EXIM POLICY 1997-2000

The objectives and salient features of EXIM policy 1997-2000
1. To accelerate the country’ s transition to a globally oriented vibrant economy with a view to derive maximum benefits from expanding global market opportunities
2. To stimulate sustained economic growth by providing access to essential raw materials intermediates, components, consumables and capital goods required for augmenting production
3. To enhance the technological strength and efficiency of Indian agriculture, industry and services, thereby improving their competitive strength while generating new employment opportunities, and encourage the attainment of internationally accepted standards of quality.
4. To provide consumers with good quality products at reasonable prices.

Measures announced in the annual EXIM Policy:
1. Removal of Quantitative restrictions. Import of 894 items made license free and another 414 items can be imported against Special Import License.
2. Incorporation of a new chapter on policy to boost export of services.
3. Free Trade Zones (FTZ) to replace export processing zones and these are to be treated as outside the country’s customs territory.
4. Duty Exemption Scheme has been made more flexible. Annual Advance License system introduced to take care of the entire Import needs of exporters. Other facilities include issuance of license, where norms are not fixed, on the basis of self certification.
5. Zero Duty export promotion capital goods scheme (EPCG) with lower threshold limit of Rs 1 crore extended to chemicals and textiles.
6. Institution of Ombudsman for faster resolution of exporters’ problems.
7. Green card for exporters exporting 50 percent of their production. Green card will entitle them to various facilities announced by the Government from time to time.
8. No additional customs duty on import of capital goods under zero duty.
9. EPCG scheme in marine and software sectors.
10. Duty free import of consumables up to certain limits for gems and jewelry, handicrafts and leather sectors.
11. Value addition for rupee exports to Russia reduced from 100 percent to 33 percent.
12. Extension of the period for fulfillment of past export obligations in respect of advance license and EPCG schemes.
13. Entitlement of domestic tariff area sales for Export Oriented Units.
14. (EOUs) and EPZs increased to 50% of fob value of previous year.
15. Net foreign exchange earnings as a percentage of exports made uniform at 20% for both EOUs and EPZs.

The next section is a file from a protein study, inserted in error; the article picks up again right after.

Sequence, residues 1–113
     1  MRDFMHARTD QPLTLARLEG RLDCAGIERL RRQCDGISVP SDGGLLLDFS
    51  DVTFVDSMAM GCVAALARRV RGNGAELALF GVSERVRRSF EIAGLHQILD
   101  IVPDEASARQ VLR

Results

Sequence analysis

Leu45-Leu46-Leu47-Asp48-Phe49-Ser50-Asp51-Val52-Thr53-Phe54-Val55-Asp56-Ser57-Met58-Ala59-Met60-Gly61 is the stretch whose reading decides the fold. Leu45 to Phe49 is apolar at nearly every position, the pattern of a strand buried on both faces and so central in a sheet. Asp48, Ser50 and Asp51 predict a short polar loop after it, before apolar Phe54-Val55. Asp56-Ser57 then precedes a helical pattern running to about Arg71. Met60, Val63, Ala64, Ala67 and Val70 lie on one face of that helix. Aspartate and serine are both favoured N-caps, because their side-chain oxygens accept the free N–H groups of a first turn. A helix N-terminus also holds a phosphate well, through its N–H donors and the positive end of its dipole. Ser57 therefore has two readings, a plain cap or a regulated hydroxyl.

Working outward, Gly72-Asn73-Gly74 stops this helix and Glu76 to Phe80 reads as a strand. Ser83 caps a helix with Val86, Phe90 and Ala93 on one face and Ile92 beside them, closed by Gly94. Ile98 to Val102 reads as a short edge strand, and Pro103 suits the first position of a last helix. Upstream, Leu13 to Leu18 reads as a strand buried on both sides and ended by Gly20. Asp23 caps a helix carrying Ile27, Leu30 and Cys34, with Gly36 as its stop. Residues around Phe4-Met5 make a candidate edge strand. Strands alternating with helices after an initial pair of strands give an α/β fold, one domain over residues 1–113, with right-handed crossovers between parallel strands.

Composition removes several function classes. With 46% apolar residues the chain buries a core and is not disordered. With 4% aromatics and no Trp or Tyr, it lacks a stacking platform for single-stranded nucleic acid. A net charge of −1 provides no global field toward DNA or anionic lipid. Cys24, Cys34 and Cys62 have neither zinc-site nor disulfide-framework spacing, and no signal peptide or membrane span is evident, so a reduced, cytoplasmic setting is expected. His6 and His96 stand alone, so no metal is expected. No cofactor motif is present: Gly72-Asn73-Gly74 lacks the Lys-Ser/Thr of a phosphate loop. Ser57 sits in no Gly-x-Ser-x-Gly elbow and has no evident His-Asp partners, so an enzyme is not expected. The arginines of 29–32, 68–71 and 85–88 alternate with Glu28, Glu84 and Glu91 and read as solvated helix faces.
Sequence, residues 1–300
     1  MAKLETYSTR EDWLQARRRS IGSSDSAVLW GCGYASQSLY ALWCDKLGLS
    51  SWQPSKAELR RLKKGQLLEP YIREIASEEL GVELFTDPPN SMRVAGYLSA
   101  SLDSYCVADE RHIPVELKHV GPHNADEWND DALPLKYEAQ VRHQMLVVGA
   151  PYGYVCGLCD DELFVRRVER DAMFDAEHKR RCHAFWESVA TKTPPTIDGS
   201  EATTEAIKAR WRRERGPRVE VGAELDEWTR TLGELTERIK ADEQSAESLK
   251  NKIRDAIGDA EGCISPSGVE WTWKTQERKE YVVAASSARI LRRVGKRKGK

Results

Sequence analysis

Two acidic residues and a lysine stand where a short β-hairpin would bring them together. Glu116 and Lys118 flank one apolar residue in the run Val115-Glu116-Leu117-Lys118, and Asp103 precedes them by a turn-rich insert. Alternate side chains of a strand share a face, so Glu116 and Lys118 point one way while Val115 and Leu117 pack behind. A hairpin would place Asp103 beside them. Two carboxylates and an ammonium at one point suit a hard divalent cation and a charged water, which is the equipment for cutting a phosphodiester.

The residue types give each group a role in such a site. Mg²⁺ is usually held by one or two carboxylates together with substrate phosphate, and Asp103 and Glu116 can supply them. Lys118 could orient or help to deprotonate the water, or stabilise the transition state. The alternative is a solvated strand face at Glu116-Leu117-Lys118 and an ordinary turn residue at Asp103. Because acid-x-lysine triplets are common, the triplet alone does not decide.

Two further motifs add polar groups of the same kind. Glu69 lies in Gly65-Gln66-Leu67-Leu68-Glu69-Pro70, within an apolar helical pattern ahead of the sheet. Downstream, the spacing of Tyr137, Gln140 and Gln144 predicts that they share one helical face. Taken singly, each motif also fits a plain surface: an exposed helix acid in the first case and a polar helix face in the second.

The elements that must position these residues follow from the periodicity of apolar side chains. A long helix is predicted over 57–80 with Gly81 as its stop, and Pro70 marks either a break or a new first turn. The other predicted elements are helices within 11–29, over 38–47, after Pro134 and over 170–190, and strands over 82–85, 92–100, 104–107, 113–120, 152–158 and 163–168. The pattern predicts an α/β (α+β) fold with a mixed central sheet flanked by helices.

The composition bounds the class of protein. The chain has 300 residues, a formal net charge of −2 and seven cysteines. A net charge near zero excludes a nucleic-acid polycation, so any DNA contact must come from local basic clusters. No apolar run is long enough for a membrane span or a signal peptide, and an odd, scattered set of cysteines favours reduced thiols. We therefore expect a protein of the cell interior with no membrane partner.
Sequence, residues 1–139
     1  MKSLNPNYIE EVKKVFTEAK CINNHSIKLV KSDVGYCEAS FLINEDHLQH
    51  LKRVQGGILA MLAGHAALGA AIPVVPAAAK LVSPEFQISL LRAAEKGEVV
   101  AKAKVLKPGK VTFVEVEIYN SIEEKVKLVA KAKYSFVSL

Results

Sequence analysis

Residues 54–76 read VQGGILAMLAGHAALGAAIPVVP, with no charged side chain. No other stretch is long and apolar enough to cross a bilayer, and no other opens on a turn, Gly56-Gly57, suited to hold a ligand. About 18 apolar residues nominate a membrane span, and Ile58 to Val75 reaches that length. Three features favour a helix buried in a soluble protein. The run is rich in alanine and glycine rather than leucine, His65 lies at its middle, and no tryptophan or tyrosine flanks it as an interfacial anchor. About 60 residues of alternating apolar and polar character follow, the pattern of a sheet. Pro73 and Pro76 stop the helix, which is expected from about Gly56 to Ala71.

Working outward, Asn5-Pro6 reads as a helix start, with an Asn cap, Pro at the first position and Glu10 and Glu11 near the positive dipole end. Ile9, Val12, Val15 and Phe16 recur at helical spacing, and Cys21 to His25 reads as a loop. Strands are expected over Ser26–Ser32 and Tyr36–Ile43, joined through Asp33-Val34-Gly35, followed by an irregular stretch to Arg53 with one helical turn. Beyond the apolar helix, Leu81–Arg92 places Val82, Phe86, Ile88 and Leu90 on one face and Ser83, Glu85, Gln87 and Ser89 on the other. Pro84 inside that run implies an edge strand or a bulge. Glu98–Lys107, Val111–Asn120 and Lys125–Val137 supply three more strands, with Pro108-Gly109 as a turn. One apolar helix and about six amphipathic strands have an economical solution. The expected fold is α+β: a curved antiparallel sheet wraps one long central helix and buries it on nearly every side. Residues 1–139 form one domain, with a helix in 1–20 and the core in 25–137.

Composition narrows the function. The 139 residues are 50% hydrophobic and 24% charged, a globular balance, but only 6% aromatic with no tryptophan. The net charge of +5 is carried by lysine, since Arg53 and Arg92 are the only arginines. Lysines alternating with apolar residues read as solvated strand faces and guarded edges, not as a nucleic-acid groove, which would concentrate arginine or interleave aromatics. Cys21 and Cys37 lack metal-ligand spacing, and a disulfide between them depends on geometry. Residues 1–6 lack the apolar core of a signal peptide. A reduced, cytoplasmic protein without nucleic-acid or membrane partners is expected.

16. Golden status certificate for Export and Trading Houses, which means that an exporter, who has been a status holder for three terms, will acquire this status permanently.
17. Pre-export Duty Entitlement Pass Book Scheme (DEPB) credit entitlement increased from 5 to 10 per cent of previous year’s performance.
18. New thrust for jewelry and studded jewelry sector through various relaxations like permission for import of jewelry for re-export after repairs/ remaking, export of jewelry through courier, personal carriage of jewelry and incorporation of a new concept of “diamond imprest licence”.
19. Import of second hand goods of all kinds have been restricted and import of second hand capital goods under the EPCG scheme disallowed with the objective to provide level playing field to the domestic capital goods industry in light of the recent slowdown.
Other Measures
1. Fresh Duty drawback rates announced w.e.f. 1 June , 1999. The new rates, which incorporate changes in customs duty and inclusion of surcharge, imply a rate hike for 155 items, rationalisation of rates for 489 items and maintainence of existing rates on 193 items.
2. The facility for prepayment of external commercial borrowings up to 10 percent of the outstanding and a doubling of the eligibility to borrow for exporters (and long term borrowers) from $100 million to $ 200 million has been restored.
3. To encourage trade with SAARC countries, wide ranging concessions on preferential basis In customs duties on imports from these countries have been effected by the Ministry of Finance.
4. In order to reduce financing cost of imports and to provide credit at reasonable terms, the monetary and credit policy announced by the RBI in October, 1999, has withdrawn the interest rate surcharge of 30% on import finance. Also, the maximum interest rate of 20 per cent on overdue export bills has been withdrawn.

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